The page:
But he is, of late anyway, a strong social conservative. And he's strong on defense and on winning the war on terror (a rarity among politicians these days). Most importantly, he has a marvelous strength of character, which puts him head and shoulders above his likely general election rivals, Bill Clinton & wife.

So Mitt Romney is welcomed into the fray. The Republican primary will be better for it.

'We Choose To Lose'

The Democrats have begun making good on their pre-election promise. They are joining sides with al Qaeda in the latter's relentless push to destroy America:
House Begins Full Debate on the Iraq War
By Jeff Zeleny and Michael Luo, The New York Times

Washington, Feb. 13 — The House opened a full-throated debate on Tuesday over the Iraq war as lawmakers began considering a resolution to denounce President Bush’s plan to add troops. Democratic leaders said the debate was the first step in using Congressional authority to intervene in the conflict.

“There is no end in sight,” Speaker Nancy Pelosi said. “The American people have ... (link)
Like she has a clue.

Meanwhile, Pelosi's party draws itself ever closer to an alliance-in-spirit with America's once-hated foe, and that foe knows it. From ABC's Brian Ross:
Al Qaeda has sent a message to leaders of the Democratic party that credit for the defeat of congressional Republicans belongs to the terrorists.

Zawahri calls on the Democrats to negotiate with him and Osama bin Laden, not others in the Islamic world who Zawahri says cannot help.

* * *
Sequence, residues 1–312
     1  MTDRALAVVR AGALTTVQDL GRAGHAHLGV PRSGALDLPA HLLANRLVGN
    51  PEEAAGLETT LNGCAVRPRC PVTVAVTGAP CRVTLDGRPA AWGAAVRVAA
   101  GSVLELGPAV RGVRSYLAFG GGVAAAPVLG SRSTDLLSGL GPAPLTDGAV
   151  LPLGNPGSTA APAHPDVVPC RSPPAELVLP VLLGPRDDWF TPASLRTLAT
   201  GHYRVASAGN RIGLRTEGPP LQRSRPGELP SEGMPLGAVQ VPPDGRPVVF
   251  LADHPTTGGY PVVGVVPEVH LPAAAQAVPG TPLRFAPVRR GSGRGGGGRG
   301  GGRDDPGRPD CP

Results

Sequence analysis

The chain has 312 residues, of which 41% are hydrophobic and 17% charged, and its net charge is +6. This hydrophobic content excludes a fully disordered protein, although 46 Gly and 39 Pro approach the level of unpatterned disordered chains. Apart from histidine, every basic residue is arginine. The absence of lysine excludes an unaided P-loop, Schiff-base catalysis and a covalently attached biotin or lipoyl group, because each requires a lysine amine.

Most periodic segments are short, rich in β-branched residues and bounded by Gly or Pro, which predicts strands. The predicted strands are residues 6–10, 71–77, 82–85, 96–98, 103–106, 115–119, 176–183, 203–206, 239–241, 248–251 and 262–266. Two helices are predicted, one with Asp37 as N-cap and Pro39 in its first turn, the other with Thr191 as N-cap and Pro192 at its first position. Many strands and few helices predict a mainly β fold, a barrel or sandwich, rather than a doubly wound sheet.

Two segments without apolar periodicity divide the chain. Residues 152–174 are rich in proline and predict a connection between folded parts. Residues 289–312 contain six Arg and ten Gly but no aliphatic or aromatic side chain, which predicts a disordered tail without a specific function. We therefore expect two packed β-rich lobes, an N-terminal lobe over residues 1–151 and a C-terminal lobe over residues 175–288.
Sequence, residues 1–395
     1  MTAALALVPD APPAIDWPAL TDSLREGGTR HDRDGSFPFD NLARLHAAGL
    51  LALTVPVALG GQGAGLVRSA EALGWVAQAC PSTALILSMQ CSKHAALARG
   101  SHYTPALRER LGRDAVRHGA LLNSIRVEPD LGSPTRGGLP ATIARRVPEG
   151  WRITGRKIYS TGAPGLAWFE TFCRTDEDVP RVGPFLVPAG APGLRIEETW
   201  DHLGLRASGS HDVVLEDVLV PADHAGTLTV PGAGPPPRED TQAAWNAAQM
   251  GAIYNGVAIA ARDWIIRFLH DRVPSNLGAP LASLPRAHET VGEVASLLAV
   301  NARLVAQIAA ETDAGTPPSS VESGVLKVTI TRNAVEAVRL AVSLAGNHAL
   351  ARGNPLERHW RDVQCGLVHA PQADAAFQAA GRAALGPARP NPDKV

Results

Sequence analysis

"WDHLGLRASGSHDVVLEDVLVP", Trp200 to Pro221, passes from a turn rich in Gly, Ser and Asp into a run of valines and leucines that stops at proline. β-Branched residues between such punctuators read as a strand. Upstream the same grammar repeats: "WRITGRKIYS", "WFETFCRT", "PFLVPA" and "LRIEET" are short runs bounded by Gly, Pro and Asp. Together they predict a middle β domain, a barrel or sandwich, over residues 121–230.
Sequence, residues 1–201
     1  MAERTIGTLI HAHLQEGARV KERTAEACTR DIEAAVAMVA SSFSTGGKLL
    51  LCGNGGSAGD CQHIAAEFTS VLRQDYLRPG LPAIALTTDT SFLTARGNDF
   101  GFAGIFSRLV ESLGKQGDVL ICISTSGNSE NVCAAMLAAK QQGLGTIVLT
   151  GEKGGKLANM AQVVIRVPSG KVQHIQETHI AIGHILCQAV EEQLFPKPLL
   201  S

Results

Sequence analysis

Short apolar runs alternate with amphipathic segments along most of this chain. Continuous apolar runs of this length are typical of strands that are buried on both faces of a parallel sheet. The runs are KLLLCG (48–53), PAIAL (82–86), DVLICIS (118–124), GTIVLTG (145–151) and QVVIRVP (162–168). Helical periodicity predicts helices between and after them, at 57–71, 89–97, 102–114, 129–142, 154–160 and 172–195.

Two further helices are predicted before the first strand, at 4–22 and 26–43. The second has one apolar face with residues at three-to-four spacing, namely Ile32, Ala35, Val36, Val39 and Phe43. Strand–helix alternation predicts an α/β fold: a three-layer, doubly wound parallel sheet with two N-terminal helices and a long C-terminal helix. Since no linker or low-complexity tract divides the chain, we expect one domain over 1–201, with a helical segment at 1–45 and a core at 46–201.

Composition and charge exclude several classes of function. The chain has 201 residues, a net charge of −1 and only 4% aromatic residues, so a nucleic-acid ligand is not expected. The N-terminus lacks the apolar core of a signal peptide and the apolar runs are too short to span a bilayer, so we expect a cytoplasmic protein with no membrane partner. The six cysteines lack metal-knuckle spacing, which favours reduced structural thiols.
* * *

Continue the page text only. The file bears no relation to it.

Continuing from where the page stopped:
"And if you don't refrain from the foolish American policy of backing Israel, occupying the lands of Islam and stealing the treasures of the Muslims ... (link)
Expect Murtha to be in Afghanistan soon groveling at Osama's feet, begging for forgiveness.

It has come to this.

'Tonight We Bring You A Story On Nappin...zzzzz'

Did you know that Katie Couric anchors the CBS Evening News? I didn't either. Maybe this is why:

Still in Third Place, but Working Hard to Move Up
By Alessandra Stanley, The New York Times

Diane Sawyer, a host of ABC’s “Good Morning America,” looked an awful lot like a globe-trotting, war-seasoned evening news anchor as she donned a head scarf to confront the president of Iran on Monday’s evening news.

On the “CBS Evening News” that same night, Katie Couric seemed to be reliving her heyday at NBC’s “Today” with a feature on the health benefits of napping. “The old saying ‘You snooze, you lose’ has it all wrong,” Ms. Couric said.

Ms. Couric, whose move to CBS last September to become the first solo female anchor of a network evening news program was hailed as a milestone, has yet to jolt CBS out of third place. But she is trying: she recently introduced a segment, “The American Spirit,” in which she spiritedly interviews inspiring Americans all over the country, hoping to enliven the newscast with some of her trademark early-morning pep and pizazz — the “Today”-ification of the “CBS Evening News.” (link)

Amid all the goosh about Katie's trademark pizazz and the babble about what she wears, and about the groundbreaking story on napping, there is a brief mention in the article of that which the evening news was originally meant to address - NEWS. The reporter is kind in saying there's very little of it.

But then the Perky Katie Couric wasn't brought in to do news. She was brought in to deliver the dog and pony show. Which she does. Well.

Of course, Katie finds herself in third place, still, in the network news ratings, a small market share of an ever-declining market. And she's being beaten handily each day by Rush Limbaugh in total viewership, with Rush confined to 19th century technology - the radio.

Interestingly, Rush does news. And analysis. Three hours a day. Maybe CBS could learn something from him.

Either that or it can continue its nap ... stories.